Research the Hell Out of It

“Write what you know” is standard advice in creative writing programs. While earning my B.A. in English, I experimented by writing about ballroom dancing and piano (things I knew) as well as pregnancy and war (things I didn’t). My most successful stories featured what I knew: I described ballroom dance competitions with more plausibility than a helivac scene in Eastern Europe.

So what I’m about to say might sound counterintuitive: forget about writing what you know.

My novel follows a dirt biker struggling with gender identity and anger issues in early high school. When I started this project, I thought I’d breeze through it; I had my motorcycle license, so I already understood the basics (shifting, braking, safety, etc.). Riding a dirt bike was probably the same as riding a motorcycle, except off-road. No biggie. I had this.

Fun fact: nearly everything in my first draft was factually incorrect. Yes biggie.

At this point, I could have scrapped the story. With so many errors, a second draft meant starting from scratch. Instead, I googled dirt bike stats and motocross tracks. I emailed the racing organization NETRA, which connected me with rider Taylor Johnston. I met her after a local hare scramble (a dirt bike race through the woods) and she let me ask a few hundred questions. I read as many books about dirt bikes as I could find, ranging from The Hardy Boys to Leigh Hutton’s Rev Girl.

Instead of scrapping a story I loved, I researched competitive and social dirt biking until it became something I knew. I decided to learn.

“Write what you know” is great advice, especially for beginners who don’t need the added pressure of research on top of learning how to write effectively. This advice, though, can be limiting. Attempting to write a book — or succeeding at it — involves smashing limitations, not adhering to them. I cannot allow my infinitely small amount of knowledge to cap my writing; I don’t want to remain stuck in ONLY what I currently know.

As of November 2015, I’m approaching the final stages of writing my novel. Even if my story never leaves the slush pile, I love it. Thanks to my research, I put forth my absolute best work. Who can ask for more than that?

So here’s my addendum to this classic piece of writing advice: Write what you know. Research the hell out of what you don’t.

What experiences have you had with this advice? Do you find it limiting, helpful, or perhaps both?

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23 thoughts on “Research the Hell Out of It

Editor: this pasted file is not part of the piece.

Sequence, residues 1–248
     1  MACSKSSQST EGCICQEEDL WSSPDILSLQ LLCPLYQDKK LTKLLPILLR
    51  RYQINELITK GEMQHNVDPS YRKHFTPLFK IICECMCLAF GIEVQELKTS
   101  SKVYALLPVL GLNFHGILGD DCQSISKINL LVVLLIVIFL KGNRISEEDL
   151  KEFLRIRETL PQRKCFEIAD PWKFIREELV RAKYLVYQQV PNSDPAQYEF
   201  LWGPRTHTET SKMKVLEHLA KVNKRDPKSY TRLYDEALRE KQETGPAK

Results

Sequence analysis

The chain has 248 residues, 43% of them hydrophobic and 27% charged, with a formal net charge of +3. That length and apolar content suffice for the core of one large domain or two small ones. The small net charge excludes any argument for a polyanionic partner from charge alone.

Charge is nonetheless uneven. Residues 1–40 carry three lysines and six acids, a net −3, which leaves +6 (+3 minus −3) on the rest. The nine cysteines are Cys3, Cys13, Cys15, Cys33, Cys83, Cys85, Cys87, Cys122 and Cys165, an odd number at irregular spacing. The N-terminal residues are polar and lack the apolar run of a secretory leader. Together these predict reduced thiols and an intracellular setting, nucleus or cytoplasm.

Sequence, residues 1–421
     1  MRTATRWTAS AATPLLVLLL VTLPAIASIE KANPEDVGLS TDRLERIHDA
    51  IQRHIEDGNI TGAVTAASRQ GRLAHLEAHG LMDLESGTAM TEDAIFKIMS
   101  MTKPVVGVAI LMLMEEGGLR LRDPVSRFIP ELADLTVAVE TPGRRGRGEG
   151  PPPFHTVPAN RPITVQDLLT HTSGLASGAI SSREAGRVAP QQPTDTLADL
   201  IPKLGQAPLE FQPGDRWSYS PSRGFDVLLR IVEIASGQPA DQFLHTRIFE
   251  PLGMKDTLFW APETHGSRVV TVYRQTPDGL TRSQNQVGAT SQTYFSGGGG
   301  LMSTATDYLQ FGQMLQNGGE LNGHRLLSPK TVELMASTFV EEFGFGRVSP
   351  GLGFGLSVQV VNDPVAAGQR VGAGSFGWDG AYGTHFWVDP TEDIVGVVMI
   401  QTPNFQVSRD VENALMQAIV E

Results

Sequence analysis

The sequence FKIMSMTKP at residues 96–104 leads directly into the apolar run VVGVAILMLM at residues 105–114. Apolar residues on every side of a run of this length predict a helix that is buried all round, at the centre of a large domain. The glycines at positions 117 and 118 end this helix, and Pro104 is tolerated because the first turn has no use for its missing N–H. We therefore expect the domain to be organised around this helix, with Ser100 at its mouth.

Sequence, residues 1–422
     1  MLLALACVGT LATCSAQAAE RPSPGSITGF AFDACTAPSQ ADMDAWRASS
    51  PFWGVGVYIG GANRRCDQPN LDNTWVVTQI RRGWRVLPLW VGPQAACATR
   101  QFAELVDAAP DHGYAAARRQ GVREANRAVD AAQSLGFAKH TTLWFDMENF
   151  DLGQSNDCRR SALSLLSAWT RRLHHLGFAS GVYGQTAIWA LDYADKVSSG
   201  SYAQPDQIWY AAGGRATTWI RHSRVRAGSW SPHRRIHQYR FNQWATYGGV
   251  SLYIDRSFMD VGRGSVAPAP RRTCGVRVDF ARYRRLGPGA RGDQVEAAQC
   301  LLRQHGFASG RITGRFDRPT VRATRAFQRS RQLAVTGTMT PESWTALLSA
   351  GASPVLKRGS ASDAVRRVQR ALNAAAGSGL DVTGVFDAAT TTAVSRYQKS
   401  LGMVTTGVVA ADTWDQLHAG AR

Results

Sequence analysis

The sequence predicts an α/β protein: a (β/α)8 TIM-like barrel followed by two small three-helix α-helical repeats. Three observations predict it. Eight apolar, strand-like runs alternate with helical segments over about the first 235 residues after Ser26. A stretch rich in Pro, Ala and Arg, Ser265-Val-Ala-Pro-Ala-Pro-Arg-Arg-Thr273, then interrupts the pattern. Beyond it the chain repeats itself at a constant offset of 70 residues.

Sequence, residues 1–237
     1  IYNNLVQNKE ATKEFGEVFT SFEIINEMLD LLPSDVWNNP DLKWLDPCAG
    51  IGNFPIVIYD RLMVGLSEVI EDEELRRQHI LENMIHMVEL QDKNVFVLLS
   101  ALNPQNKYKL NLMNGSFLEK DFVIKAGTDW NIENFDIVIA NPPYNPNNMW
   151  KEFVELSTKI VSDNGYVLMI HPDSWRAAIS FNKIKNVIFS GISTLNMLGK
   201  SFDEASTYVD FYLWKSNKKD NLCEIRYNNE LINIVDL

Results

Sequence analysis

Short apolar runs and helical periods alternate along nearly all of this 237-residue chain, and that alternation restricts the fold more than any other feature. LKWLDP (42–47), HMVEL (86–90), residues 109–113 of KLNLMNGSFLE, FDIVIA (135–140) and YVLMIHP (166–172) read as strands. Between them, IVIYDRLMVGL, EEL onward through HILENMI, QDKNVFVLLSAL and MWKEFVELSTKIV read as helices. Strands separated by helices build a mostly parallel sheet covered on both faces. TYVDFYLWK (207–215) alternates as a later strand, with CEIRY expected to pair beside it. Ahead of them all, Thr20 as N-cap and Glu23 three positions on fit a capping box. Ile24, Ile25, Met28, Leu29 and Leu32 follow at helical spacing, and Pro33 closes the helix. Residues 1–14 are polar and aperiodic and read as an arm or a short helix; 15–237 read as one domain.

• Thank you! 🙂 And for all of the help I received from various members of NETRA, thanks again! As an “outsider” with only a cursory knowledge of dirt bikes, I was extremely impressed with how welcoming and kind everyone was. You rock!

      Liked by 1 person

  1. Love this! I never really liked the “write what you know” saying. I understand what people mean when they say it, but it gives the impression that you can ONLY write about things you know. (If that were true, fantasy is in big trouble 🙂 ). Lots of writers write about things they don’t know, but they research it so the stuff they don’t know about comes out smoothly.

    Liked by 1 person

  2. Really enjoyed this and think it is actually really good advice. Sometimes people are scared to try something new, but if you don’t try and look at new things it is easy to get stuck in a rut and therefore never grow or learn new things!

    Like

  3. I couldn’t agree more! I write historical fiction, so I would need a time machine if “write what you know” we’re applied strictly. Research is a constant thing for me.

    Congratulations on being nearly finished with your novel! That’s a big accomplishment.

    Liked by 1 person

  4. I can definitely see how writing about what you don’t know will make you a better writer. You’ll have a distinctly different viewpoint than someone who has been immersed in the topic for a long time. I think you’ll have a better understanding of how to explain things so that someone with no background in the topic will be able to relate to your piece because you’re not making assumptions – something that seems simple to the well-versed in the subject may be completely foreign to a beginner. Great post!

    Like

  5. Pingback: The Handwriting Tag | But Why?

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